Saying “I’m BLESSED,” is a way to say, “I’m happy,” or “I feel good.” But these are modern ideas of being BLESSED don’t really match the concept of BLESSED in the Bible. I’m not really sure that “good feelings” came into play much.

Abraham, was BLESSED! And in Him all nations were/are blessed! Not because he had great wealth, or even wisdom, but because although his marriage was childless, God would bring about the promise of a great number of decedents. Yet, he experienced many struggles, and I’m sure didn’t “feel” happy most of his life.

Jacob, was BLESSED! Because of his diligence in work and planning, his household expanded. Even to the point of flowing over to his extended family and neighbors. An abundance of material possessions, but Jacob’s own life was full of struggles, and frustrations. Exiled, he lived in fear for years. And there was a lot of strife within his large family.

Mary, was BLESSED! The only one in Scripture to claim blessedness for herself. “All generations will call me blessed.” Chosen to bear God’s Son, but oh, the sorrow and deep anguish. A mother’s deepest sadness, to watch her child die.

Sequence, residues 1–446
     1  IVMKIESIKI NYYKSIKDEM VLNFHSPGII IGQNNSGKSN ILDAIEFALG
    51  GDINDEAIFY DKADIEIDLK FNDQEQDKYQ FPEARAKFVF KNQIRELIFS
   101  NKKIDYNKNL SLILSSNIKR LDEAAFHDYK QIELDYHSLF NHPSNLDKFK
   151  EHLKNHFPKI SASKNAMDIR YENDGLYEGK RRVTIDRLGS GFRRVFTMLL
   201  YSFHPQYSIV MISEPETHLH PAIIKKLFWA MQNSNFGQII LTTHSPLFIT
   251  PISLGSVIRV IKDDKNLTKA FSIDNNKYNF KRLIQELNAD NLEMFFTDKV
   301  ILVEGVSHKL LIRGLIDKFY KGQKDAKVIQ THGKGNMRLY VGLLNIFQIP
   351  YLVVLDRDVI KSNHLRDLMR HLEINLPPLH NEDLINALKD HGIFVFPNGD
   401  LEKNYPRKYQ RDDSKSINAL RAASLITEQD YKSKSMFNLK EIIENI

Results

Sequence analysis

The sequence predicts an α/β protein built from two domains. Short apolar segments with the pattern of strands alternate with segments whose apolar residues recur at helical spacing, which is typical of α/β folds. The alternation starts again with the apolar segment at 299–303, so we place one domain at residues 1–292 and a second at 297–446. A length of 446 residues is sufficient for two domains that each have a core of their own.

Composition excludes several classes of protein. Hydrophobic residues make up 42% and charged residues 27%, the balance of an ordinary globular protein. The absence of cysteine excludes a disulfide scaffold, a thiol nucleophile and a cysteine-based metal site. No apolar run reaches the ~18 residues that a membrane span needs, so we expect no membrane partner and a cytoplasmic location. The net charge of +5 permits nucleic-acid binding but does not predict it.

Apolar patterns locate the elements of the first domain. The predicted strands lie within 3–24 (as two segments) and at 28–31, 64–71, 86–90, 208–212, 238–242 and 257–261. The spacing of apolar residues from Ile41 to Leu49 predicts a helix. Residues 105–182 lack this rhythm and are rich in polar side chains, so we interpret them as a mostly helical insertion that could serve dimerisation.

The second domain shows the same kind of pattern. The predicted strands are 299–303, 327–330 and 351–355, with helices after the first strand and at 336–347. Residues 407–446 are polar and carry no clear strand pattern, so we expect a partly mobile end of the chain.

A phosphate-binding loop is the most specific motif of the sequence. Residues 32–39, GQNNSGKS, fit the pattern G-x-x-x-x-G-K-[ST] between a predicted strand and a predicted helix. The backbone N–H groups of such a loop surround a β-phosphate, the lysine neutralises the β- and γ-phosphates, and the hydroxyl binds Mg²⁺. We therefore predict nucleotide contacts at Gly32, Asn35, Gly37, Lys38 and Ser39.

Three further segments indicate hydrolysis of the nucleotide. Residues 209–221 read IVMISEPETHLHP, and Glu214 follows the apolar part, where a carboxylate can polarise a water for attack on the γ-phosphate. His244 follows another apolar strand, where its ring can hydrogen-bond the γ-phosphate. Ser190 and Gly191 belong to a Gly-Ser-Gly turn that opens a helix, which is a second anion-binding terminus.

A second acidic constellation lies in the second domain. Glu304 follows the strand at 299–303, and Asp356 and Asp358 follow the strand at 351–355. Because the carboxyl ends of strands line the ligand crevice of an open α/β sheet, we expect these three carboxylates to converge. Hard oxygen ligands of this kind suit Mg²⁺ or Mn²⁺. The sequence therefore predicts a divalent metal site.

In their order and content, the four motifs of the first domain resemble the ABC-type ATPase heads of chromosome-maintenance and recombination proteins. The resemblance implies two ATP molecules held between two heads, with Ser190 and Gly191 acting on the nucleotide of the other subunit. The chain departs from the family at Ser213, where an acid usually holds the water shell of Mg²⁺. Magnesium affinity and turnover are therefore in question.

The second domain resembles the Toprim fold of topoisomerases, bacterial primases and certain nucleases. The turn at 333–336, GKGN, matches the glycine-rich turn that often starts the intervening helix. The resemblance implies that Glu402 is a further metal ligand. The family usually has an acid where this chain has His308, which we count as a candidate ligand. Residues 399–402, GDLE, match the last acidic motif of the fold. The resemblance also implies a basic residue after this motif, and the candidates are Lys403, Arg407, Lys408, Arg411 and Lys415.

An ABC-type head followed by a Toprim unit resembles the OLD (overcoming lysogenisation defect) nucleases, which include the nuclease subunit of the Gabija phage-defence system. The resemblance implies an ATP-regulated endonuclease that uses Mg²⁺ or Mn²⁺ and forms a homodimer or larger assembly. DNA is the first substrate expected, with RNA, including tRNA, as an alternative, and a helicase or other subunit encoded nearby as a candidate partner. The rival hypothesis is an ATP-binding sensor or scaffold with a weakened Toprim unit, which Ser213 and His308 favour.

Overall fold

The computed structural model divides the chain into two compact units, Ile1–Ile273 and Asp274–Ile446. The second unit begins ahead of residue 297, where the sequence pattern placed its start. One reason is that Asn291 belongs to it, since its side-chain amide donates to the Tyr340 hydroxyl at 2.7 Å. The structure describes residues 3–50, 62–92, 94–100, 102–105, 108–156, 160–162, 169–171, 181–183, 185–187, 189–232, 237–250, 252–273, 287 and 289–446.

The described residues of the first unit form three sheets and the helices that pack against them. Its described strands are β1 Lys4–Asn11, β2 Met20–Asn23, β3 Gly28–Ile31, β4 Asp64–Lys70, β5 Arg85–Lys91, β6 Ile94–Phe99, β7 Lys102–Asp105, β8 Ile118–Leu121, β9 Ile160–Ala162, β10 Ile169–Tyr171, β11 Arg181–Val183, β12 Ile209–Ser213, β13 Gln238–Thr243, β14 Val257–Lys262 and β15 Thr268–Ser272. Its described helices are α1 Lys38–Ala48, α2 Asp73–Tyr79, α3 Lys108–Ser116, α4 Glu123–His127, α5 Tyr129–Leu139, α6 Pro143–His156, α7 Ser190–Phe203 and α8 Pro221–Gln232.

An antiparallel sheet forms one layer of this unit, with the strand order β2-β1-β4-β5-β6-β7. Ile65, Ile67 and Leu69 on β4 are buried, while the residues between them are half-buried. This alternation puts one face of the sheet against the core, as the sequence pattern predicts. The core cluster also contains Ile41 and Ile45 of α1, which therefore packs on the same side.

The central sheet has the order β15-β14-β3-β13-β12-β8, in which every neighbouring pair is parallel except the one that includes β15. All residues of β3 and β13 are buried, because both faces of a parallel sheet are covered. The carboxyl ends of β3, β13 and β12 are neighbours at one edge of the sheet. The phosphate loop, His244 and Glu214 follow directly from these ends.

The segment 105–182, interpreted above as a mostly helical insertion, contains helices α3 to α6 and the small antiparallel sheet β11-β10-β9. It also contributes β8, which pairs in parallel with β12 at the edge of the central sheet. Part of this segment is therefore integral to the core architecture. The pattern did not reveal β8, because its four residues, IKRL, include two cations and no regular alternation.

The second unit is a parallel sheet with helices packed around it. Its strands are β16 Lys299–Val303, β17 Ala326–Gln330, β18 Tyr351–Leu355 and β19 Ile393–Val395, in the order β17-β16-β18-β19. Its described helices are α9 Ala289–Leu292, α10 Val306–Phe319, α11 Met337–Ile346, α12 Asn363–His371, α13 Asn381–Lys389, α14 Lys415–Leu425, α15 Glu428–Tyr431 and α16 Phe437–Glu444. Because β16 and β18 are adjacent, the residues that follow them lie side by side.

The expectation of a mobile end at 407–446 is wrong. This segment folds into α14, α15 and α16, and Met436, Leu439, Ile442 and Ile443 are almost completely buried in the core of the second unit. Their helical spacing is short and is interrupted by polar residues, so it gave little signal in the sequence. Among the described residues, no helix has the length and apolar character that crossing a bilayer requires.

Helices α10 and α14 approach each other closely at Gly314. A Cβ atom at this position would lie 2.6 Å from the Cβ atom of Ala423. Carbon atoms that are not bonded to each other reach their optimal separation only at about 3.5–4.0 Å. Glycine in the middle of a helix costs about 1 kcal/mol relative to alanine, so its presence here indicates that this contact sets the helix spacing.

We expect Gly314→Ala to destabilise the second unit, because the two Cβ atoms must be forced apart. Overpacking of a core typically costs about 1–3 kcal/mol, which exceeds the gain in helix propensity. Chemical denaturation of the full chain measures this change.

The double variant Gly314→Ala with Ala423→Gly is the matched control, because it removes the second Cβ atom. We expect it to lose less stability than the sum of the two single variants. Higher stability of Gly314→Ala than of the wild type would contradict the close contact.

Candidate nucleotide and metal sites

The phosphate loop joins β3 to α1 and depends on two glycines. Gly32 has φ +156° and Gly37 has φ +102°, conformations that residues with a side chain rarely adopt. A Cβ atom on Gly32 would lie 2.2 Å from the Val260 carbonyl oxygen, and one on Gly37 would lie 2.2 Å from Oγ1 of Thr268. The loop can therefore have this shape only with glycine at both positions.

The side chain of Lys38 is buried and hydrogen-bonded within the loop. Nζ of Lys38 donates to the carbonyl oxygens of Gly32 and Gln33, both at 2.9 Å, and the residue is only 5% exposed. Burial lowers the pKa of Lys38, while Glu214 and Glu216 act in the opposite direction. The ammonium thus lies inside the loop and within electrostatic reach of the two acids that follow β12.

Jesus taught about real BLESSEDNESS. He tells us what type of people ARE blessed, and what is the highest best in the human condition.

Blessed are the poor in Spirit, those that mourn, and the meek.
Blessed are those that hunger and thirst after righteousness.
Blessed are the merciful, pure in heart, the peacemakers, and
Blessed are those that are persecuted for righteousness sake.

Wow, doesn’t talk about material possessions as a demonstration of God’s favor, does it? Clearly, being BLESSED has nothing to do with feeling happy.